by Haley Ruffner
8 February 2023 | [email protected] | 307.205.6628
An aerial view of farm country displays thousands of round fields, different hues of green and amber that dot the landscape. Some smaller fields, rectangular or irregularly shaped, crop up occasionally, but circular pivot-irrigated farmland dominate the West. Our ability to direct water to our crops has dictated farms’ locations, shapes, and growing schedules for centuries. The origins of irrigation date back 8,000 years, with the first signs of it seen in 6000 BC in Egypt and Mesopotamia. Famers in these river valleys carved canals and dams into the land to channel the water to their crops when the rivers flooded.
Before the high-tech irrigation pivots we see today, there were devices such as the shaduf in ancient Egypt, a pole balanced on a crossbeam with a bucket on one end and a counterweight on the other. The farmer would dip the bucket into the river, then swing it around to dump it in the field. The qanat, invented in Persia but used across North Africa, Asia, and China, tapped into groundwater to channel it into a system of graded tunnels that would direct it into fields. This system cropped up around 800 BC, and iterations of it are still used today.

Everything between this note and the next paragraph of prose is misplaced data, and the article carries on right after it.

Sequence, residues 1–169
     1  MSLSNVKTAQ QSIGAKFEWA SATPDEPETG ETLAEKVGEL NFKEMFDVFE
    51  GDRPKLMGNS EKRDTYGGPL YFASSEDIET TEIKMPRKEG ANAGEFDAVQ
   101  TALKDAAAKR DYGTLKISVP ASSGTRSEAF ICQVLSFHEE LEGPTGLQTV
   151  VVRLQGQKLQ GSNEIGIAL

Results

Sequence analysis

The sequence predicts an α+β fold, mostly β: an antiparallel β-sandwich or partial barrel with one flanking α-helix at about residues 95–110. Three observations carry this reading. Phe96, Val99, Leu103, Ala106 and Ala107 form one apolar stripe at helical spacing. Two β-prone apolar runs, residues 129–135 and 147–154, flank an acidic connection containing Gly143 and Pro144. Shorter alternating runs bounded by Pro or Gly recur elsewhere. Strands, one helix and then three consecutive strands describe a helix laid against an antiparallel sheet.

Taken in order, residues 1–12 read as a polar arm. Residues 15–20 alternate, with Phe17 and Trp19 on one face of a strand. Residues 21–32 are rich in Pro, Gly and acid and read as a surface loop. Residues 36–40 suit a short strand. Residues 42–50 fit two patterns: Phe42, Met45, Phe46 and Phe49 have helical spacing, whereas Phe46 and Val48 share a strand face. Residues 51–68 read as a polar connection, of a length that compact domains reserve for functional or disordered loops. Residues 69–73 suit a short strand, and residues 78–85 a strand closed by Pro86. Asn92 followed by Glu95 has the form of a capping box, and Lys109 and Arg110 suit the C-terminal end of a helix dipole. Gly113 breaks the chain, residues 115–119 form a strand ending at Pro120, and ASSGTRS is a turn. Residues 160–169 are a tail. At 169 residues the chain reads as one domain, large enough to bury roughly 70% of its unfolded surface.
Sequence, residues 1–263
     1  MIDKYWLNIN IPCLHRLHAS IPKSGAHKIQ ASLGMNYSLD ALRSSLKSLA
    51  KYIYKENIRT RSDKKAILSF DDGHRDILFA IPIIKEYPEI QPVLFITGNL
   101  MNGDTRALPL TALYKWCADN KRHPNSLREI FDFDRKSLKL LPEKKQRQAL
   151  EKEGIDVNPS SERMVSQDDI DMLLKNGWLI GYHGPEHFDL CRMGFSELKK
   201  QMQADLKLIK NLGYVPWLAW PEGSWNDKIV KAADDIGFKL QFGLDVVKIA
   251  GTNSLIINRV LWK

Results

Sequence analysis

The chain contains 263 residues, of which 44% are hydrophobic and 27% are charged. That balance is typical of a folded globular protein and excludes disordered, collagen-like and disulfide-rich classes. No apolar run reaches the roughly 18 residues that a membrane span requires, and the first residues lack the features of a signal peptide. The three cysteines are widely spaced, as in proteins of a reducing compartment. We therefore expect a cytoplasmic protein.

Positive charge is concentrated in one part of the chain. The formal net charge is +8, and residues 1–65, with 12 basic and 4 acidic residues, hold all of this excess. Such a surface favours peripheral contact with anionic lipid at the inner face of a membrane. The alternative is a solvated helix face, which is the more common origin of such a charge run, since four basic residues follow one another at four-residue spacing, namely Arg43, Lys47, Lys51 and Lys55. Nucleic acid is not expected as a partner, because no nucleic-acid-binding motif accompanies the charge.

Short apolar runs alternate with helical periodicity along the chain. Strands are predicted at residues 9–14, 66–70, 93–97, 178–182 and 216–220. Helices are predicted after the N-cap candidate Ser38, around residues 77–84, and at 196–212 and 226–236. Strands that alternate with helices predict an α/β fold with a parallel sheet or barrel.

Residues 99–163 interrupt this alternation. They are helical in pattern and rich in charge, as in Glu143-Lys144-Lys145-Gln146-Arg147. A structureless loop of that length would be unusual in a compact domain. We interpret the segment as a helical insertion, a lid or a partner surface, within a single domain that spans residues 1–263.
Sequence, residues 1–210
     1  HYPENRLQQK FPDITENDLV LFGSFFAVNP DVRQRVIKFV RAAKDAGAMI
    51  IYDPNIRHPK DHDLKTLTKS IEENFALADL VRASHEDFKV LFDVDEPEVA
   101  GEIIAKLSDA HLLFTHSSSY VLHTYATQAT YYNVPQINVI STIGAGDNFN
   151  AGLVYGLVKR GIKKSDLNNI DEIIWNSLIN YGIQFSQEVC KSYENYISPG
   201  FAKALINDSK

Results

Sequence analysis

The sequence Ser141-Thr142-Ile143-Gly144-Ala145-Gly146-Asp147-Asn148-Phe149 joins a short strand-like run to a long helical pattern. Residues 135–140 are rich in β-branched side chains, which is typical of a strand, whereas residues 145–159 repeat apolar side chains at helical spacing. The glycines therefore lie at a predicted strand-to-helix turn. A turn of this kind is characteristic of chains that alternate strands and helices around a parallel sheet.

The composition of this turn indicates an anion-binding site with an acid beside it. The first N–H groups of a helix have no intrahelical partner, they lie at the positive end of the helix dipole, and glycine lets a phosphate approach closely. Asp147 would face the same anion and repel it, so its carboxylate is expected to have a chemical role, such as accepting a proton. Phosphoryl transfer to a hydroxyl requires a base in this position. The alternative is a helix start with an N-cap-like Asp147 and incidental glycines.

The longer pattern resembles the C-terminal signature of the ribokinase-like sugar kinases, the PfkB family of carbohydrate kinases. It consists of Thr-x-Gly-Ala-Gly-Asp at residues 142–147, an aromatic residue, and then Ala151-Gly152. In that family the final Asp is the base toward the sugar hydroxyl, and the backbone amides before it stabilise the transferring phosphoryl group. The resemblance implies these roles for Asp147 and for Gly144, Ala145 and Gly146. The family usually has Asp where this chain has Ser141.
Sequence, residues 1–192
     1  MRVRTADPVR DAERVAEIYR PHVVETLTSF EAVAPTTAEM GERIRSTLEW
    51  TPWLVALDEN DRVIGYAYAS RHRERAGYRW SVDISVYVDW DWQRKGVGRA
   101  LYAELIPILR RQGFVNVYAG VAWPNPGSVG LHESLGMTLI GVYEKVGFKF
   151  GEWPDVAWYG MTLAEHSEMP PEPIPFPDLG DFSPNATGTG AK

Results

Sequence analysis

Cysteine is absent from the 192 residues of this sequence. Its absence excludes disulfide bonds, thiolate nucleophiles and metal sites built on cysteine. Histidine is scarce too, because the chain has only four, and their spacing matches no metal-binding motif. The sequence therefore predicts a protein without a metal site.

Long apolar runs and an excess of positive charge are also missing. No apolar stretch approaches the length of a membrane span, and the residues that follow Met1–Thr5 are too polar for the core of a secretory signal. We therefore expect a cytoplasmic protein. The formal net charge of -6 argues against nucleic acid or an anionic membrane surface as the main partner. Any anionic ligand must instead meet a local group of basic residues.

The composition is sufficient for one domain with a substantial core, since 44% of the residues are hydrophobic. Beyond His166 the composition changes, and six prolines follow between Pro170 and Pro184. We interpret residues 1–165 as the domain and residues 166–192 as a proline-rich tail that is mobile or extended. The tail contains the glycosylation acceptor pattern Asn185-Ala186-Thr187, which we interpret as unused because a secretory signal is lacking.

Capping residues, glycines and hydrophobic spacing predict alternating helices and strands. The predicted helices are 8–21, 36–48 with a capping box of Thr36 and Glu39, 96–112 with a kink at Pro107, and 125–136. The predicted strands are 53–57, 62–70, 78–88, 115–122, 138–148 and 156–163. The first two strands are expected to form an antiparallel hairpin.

As much of the western United States deals with drought conditions, farmers are placing more focus on maximizing yields with as little water as possible. While geography and general soil composition remain fairly consistent in any given field, variation in climate and weather patterns can alter the growing season significantly from year to year. Even in the middle of winter, farmers keep an eye on conditions like mountain snowpack to gauge where aquifer levels might be as growing season starts.
According to Vermeer, “Common water-use requirements for alfalfa range from 20 to 46 inches of water per season, depending on climate, elevation, growing season, number of cuttings and the fall dormancy rating of the alfalfa variety.” This wide range and the variety of factors that impact alfalfa’s water needs make growing hay in dry regions an increasingly advanced, technical operation. Frequency of water application also impacts the level of water stress, which in turn affects quality and yield—higher-frequency irrigation systems like sprinkler or drip irrigation produce better results than lower-frequency systems like flood irrigation.
The two most popular modern-day systems for hay farms are sprinkler irrigation and drip irrigation. Sprinkler irrigation is mostly done via large pivots that move around a field to spray water onto crops. Pivots can be used on fields that are not completely level, but they need to be monitored closely to ensure there is little runoff for maximum efficiency. Many farmers using sprinkler irrigation will run their pivots at night to minimize evaporation from the sun, especially in arid climates. Pivots are also labor efficient—one person can manage several pivots remotely.